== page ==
Bell: Toews warns UCP of dangers of ‘risky leadership’ as the mood looms

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Travis Toews reminds me of the Marlboro man without the cigarette.

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It’s no understatement to say that the Rio Grande rancher in northern Alberta bears some resemblance to the image of the cowboy on his horse in the open field.

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And Toews says he just doesn’t like political roar. He’s not about pumping up the crowd.

He doesn’t deal in razzmatazz, even if a little razzle dazzle could get him political points, even if there’s just a question and he could knock out the park with a rush of rhetoric to get the juices going.

“I care about substance,” said Toews, who served as county budget chief in Prime Minister Jason Kenney’s government.

But Travis, can’t you give us some more exciting delivery?

“You know, it is what it is. There’s no point in feeling sorry for that. It is what it is.”

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Toews is dead serious with serious questions.

And here’s a serious question that some serious people are seriously considering these days.

Can the UCP go into the ditch after October 6 and the adios to Kenney, before next year’s election, while at the wheel?

Are there any rabbit holes they are not allowed to go down?

Are there things they shouldn’t be doing that could mess up the works that could bring the NDP back into government in a few months from today?

Is there anything the OHP should be wary of?

“We can’t adopt a risky leadership style,” Toews says.

He doesn’t name names. He won’t name names. You can fill in your own blanks.

Toews says the UCP needs a leader to “navigate this time of uncertainty and unpredictability with sound policies, navigate with defensible policies, and make sure the gains we’ve made are not eroded.”

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Ask Toews. Risky leadership? What do you mean?

Toews once again puts forward Smith’s Sovereignty Act, refusing to enforce federal laws that are seen as violating the rights of Alberta or Albertans.

The man does not believe that such a policy “will appeal to Albertans broadly. We must guard against that kind of policy and leadership style.”

Toews says that ‘real solutions’ must also be found for all kinds of issues, such as the capacity crisis in healthcare, affordability, the economy and fiscal responsibility.

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He says Albertans want the UCP government to get back together “rather than focusing on the myriad problems that can cause division, we need to refocus on the core principles that define ourselves as conservatives.”

The UCP is a Humpty Dumpty.

Toews says he has no deep history with either party. He voted Wildrose and he voted PC.

“I don’t bring luggage from one side or the other.”

He believes the UCP should be “a big tent conservative movement.”

“I’m hopeful it’s possible. I don’t despair.

“We have to come together. 2015 is in the minds of many conservatives.”

2015. When the NDP won.

To become prime minister, Toews must defeat Danielle Smith, who leads the polls in a contest where the most UCP members voted.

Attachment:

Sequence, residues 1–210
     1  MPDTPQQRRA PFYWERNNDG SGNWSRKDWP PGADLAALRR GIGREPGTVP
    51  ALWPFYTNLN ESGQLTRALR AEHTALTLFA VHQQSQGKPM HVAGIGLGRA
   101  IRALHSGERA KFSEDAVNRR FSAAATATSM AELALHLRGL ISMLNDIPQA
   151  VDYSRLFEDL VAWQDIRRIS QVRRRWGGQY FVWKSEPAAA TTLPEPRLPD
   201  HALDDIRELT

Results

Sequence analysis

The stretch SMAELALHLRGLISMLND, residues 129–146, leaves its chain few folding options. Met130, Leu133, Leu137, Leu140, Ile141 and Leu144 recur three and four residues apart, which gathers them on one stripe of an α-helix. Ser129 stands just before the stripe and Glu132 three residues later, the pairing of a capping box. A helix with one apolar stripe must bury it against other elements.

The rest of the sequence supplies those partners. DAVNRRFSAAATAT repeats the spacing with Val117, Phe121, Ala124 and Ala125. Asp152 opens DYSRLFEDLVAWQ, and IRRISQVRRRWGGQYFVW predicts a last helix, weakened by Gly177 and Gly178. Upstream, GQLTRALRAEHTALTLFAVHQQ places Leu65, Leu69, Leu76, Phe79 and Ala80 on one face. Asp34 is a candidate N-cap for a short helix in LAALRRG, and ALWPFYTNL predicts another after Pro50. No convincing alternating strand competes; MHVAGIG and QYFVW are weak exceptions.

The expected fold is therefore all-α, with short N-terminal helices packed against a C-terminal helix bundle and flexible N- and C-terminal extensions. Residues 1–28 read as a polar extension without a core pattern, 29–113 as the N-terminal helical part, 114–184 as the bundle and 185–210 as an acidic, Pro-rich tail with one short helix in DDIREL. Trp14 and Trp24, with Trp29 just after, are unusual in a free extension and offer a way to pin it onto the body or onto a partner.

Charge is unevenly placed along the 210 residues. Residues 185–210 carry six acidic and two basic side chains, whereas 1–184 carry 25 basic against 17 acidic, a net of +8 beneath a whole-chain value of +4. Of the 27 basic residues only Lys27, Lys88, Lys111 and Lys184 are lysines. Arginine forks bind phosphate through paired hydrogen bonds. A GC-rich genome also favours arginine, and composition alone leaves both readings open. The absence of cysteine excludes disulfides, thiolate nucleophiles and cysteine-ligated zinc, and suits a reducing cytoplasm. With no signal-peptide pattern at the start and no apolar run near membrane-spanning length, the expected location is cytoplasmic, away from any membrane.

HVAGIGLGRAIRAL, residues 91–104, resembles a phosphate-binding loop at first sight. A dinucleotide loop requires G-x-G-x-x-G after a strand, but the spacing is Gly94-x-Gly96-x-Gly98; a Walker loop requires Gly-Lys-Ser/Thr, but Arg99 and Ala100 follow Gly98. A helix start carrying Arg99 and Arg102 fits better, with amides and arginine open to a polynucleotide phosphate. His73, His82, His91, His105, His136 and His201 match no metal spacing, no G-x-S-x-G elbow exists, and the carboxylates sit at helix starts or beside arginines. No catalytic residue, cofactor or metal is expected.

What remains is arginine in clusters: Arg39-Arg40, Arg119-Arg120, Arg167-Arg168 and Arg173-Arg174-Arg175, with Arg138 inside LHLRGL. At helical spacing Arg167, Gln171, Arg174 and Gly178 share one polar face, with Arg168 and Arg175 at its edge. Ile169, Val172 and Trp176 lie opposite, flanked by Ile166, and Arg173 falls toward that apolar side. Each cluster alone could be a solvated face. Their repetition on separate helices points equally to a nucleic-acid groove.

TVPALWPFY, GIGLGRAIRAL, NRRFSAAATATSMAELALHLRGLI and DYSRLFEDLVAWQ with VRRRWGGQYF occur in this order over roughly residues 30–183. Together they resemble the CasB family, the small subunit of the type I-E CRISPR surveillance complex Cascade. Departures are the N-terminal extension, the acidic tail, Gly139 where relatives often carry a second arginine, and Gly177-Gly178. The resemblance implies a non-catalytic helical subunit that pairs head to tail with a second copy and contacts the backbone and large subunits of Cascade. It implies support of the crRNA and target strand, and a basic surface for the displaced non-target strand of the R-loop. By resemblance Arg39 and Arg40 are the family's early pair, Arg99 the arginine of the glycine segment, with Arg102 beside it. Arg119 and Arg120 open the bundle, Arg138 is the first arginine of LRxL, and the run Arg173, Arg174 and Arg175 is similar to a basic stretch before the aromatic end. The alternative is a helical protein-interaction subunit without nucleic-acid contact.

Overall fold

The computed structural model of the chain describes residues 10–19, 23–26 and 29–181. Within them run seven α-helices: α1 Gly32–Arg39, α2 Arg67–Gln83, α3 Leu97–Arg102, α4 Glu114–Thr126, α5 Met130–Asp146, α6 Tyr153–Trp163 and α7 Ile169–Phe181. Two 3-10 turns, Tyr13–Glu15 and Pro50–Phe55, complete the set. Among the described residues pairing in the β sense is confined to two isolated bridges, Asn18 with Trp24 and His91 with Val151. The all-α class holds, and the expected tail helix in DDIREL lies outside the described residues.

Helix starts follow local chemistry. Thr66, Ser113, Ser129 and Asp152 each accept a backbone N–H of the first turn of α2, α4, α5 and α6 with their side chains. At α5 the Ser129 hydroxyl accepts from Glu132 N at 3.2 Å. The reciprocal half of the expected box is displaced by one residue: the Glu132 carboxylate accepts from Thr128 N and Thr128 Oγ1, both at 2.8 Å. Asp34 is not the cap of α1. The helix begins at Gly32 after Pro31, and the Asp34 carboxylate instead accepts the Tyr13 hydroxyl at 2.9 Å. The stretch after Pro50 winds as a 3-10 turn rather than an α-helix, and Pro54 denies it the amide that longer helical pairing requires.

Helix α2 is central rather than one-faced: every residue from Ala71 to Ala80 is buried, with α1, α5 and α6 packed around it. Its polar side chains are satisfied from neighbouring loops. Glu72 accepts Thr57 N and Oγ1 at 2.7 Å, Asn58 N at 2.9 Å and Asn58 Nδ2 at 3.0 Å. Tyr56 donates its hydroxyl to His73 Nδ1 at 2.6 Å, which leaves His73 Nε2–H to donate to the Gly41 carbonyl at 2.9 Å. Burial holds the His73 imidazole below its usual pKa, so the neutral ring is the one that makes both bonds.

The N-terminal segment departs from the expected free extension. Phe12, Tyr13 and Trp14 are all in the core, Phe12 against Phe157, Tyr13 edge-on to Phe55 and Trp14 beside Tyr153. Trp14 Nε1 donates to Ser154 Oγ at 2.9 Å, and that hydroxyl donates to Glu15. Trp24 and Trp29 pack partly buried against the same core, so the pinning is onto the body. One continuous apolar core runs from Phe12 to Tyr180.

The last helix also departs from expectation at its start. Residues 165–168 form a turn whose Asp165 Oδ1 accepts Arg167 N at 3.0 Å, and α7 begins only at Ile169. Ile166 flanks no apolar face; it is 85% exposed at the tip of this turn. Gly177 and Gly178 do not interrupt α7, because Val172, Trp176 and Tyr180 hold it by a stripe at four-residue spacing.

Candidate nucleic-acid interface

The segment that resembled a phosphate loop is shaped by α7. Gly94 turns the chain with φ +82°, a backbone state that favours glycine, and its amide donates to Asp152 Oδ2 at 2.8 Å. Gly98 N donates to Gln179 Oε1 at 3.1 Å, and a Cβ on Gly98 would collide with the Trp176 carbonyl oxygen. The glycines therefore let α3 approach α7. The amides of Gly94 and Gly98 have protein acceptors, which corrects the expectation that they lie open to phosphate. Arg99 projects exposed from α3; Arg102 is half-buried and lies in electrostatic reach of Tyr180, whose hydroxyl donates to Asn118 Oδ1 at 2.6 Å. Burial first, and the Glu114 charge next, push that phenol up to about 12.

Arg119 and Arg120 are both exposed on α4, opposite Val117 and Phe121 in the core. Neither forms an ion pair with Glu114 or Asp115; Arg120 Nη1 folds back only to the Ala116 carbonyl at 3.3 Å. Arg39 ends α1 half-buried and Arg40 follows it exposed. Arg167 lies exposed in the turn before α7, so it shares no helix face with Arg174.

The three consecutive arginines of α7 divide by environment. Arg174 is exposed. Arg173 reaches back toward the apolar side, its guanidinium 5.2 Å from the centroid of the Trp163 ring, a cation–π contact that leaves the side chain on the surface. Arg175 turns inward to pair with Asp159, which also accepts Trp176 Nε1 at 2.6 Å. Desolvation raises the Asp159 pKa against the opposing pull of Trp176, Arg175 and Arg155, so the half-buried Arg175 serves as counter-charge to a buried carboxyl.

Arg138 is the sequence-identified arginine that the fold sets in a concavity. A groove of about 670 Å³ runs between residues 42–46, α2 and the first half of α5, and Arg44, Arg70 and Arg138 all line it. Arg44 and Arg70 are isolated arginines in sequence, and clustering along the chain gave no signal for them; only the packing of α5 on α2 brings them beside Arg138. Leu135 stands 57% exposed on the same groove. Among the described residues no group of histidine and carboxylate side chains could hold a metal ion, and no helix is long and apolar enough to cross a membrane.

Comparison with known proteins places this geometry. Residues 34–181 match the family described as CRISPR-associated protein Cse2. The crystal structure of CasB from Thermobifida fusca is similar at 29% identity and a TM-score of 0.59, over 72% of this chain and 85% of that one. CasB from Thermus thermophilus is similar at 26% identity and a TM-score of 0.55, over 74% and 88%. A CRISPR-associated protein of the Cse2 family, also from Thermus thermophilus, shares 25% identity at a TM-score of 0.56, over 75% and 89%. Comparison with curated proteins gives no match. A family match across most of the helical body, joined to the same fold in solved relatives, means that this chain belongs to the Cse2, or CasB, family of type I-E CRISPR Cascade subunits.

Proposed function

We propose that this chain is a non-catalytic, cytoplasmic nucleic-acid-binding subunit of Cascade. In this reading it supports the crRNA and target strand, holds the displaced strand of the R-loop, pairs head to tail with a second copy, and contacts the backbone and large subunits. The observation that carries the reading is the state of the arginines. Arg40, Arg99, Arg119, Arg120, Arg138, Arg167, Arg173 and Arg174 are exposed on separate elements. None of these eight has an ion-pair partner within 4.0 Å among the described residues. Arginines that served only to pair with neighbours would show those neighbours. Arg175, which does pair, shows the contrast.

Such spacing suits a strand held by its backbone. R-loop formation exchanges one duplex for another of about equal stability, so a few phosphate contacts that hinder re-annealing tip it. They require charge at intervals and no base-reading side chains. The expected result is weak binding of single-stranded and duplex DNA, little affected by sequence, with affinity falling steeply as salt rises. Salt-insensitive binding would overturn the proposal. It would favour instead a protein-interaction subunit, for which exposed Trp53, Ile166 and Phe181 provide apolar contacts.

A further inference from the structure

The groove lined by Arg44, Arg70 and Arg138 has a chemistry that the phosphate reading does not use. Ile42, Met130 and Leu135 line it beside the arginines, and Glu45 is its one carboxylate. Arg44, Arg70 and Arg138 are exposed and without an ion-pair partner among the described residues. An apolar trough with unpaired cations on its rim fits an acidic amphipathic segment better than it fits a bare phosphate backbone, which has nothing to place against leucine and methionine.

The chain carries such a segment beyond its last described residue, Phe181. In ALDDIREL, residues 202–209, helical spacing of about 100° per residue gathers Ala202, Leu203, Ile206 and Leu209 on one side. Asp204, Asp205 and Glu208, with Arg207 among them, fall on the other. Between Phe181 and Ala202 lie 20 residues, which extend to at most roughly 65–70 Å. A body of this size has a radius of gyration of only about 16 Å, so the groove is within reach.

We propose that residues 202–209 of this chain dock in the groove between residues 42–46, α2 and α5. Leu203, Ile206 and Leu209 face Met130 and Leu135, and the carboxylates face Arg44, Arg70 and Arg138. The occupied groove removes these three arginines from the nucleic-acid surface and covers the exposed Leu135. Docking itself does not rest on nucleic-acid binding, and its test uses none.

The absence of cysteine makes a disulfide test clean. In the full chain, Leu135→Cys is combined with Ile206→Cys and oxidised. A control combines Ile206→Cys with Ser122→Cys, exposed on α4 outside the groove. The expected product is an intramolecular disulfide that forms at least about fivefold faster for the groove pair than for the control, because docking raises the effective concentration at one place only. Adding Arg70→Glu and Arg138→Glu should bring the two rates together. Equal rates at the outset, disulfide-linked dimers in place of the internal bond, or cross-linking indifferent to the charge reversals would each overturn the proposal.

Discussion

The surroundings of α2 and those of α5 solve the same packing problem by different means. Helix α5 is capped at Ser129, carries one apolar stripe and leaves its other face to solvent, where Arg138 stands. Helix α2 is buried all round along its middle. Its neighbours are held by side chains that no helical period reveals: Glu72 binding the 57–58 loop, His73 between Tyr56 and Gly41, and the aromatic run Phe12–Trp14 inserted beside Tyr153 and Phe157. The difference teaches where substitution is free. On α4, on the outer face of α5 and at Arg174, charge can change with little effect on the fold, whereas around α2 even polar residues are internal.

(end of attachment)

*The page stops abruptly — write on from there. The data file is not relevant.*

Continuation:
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Smith travels across the county at an exhausting pace.

In a recent stump speech, Smith pushes a lot of buttons.

She refers to Prime Minister Justin Trudeau and a possible Prime Minister Rachel Notley as “The Axis of Economic Destruction.”

She says that with that duo in power, Alberta will never be the same.

If Notley’s NDP wins here…

“It won’t just take four years, because it won’t be an accident. It will be a choice.

“She could be there eight years or 12 years or 16 years, just like our friends in Saskatchewan had the NDP for 16 years.”

UCP leadership candidate Danielle Smith speaks at a campaign rally in Chestermere on Tuesday, August 9, 2022.
UCP leadership candidate Danielle Smith speaks at a campaign rally in Chestermere on Tuesday, August 9, 2022. Azin Ghaffari/Postmedia

She tells the people that she is the person who can beat Notley.

“I see Alberta as the beating heart of conservatism. If we don’t maintain our conservative values ​​here, where else will they show up?” continues Smith.

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“How are we going to convince the rest of the country to vote for Pierre Poilievre and the Conservatives if we don’t maintain a Conservative government here?”

Smith presents her Sovereignty Act as drawing a hard line and sees the relationship with Ottawa as “insult after injury after insult after injury.”

She points to what she sees as the political persecution of Tamara Lich of the Freedom Convoy “while we have all these guys getting revolving doors and going out to wreak havoc and commit heinous crimes.”

Smith applauds the Twitter hashtag #TrudeauMustGo, dislikes “the wake mob” or the mainstream media. (Hi Mom!)

As for Alberta’s health services…

“I don’t trust anything Alberta Health Services tells me anymore.”

She talks about possible pipelines and rail lines to Churchill’s Manitoba port, the Great Lakes, Prince Rupert’s port in BC and Tuktoyaktuk to the north.

Smith’s battle cry?

“We have to put Alberta first. We must do it without fear. We have to do it without excuses and, if we are elected, we will do it without delay.”

We hold our breath and wait.

rbe@postmedia.com

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